It is always important to follow the suggested application instructions when it comes to deck staining or sealing to ensure you get the best protection. A sometimes over looked necessity of deck sealing and staining is prepping the wood correctly before coating it.

Deck staining is certainly crucial to the appearance and lifespan of any deck or exterior wood surface. But to get the most from your sealer you need to prep the wood correctly and follow some application guidelines.

The first thing to understand is that deck stain or sealer needs to penetrate the wood in order to perform well. Therefore, the wood should be cleaned and free of any dirt, mold, mildew, graying and old failing stain or sealer. Use a wood cleaner to wash the deck unless an old failing sealer is present, then you need to wash the wood using a wood stain remover instead.

After cleaning a wood deck it is important to apply a wood deck brightener. This is true whether you used a wood cleaner or a stain stripper. The brightener will reverse the darkening effect of the wood cleaner by brightening the wood and correcting the pH level. This is important as the new wood sealer needs a more acidic surface to penetrate well.

Once the wood deck is cleaned it should be allowed to dry for several days. Deck staining or sealing too soon can trap moisture in the wood that may lead to mold or mildew problems and premature failure of the sealer.

After the deck has dried for several days you are ready for deck sealing or staining. As mentioned, it is important to follow the instructions on the stain label. Most deck coatings can be applied using a brush, roller, stain pad, or garden type pump sprayer.

A common mistake is to over apply the sealer or cause lap marks by stopping and starting. To avoid lap marks start at one end of a board and continue coating the entire board before stopping. Then start on the next board in the same manner.

To avoid over application, back brush or wipe any excess stain off with a stain rag that has not absorbed into the wood within 5-10 minutes. If it has not absorbed by then it is not going to. Leaving puddles, drips, or runs will cause the stain to appear shiny and will lead to peeling and flaking in several months. You want the stain or sealer to penetrate the wood so only apply as much stain as the wood can absorb.

Follow these deck staining and deck sealing instructions and you will see the benefits of a more appealing and longer lasting finish.

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  • We will reply to your comment shortly
    JW · 07/29/2014
    OK - RAD kit and AC Stain ordered. Some follow up questions:
    1. Once you have completed the cleaner step is there a waiting time before you can proceed to the brightner step?
    2. Once the Brightner step is completed how long do you need to wait to stain ?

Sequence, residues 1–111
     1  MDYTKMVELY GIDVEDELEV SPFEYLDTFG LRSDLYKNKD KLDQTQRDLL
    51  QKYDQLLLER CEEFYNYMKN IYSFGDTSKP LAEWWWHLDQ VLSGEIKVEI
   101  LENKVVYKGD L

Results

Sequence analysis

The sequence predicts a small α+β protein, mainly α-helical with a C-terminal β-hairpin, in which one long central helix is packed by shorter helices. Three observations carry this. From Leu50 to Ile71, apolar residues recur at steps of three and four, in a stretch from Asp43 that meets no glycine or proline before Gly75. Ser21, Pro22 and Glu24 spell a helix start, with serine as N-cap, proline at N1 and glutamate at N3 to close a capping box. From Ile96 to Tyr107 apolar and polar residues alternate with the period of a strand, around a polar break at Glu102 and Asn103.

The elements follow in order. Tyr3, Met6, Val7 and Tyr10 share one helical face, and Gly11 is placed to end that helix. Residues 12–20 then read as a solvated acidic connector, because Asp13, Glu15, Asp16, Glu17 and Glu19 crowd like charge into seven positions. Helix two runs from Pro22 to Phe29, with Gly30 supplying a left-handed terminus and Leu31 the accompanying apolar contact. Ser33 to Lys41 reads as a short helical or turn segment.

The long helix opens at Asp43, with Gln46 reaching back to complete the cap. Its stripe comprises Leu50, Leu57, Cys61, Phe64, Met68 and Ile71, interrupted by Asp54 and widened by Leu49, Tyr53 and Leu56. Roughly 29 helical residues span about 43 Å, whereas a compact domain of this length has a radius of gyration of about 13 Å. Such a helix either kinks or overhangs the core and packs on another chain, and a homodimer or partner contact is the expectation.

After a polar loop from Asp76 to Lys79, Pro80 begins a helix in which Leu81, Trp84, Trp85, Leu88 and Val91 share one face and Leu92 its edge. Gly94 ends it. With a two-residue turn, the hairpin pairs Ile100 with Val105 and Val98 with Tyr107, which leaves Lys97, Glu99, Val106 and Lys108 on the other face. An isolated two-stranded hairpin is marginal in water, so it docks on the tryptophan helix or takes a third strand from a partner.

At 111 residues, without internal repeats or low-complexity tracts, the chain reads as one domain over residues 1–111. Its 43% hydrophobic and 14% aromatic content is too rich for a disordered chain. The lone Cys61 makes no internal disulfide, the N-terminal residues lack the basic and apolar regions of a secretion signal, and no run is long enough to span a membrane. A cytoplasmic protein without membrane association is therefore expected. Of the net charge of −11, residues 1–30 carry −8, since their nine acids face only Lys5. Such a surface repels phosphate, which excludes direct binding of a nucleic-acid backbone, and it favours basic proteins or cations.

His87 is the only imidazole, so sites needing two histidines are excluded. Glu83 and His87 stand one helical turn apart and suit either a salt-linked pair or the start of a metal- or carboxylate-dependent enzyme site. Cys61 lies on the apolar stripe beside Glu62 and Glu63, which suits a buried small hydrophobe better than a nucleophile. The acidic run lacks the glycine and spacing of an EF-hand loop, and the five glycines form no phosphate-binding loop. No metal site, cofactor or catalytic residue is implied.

3. In terms of weather - how many days of "no rain" do I need following the staining?
    4. I am getting different information on how many coats of AC stain are necessary. We will be using a mix of 2/3 semi-solid and 1/3 semi transparent. Your product information states:"If the first coat penetrates within 30 minutes a second coat can be applied for extra protection." [u]What do you mean in this context by "penetrate"?[/u] Does this mean dry? I have noticed that Jake Clark of AC has advised people on other forums to apply a second coat "wet on wet". My deck is partially in the sun even in the morning. [u]How long will I have before the first coat is too dry to apply a second coat "wet on wet".?[/u]
  • We will reply to your comment shortly
    The Sealer Store · 07/28/2014
    1. No
    2. You should use both the cleaner and brightener. Cleaners lifts sand dust and will swell the wood pores so the stain will penetrate deeper.
    3. No need to sand again.
  • We will reply to your comment shortly
    JW · 07/28/2014
    I had to remove a failed BM acrylic stain applied two years ago to my 9 yr old cedar deck. (I will be going back to an oil based stain - this time Armstrong Clark.) I did not use a stripper - I powerwashed the deck first. Then I countersunk the screws and then sanded with a 40 grit drum sander and then went over it all again with a 60 grit, followed by vacuuming. [u]The boards look like new.[/u] Questions:
    1. Do I need to sand again now with a higher grit (ie.80 grit) for just smoothness reasons?
    2. Can I go right to the brightner (and skip the cleaner that seems to be always recommended in your articles/posts) ? I reiterate - the boards look great. What would a cleaner do?
    3. It will likely be 4 days until I get the brightener (and cleaner perhaps) shipped from you. Will I have to sand again because of what the hot sun will do over the next 4 days?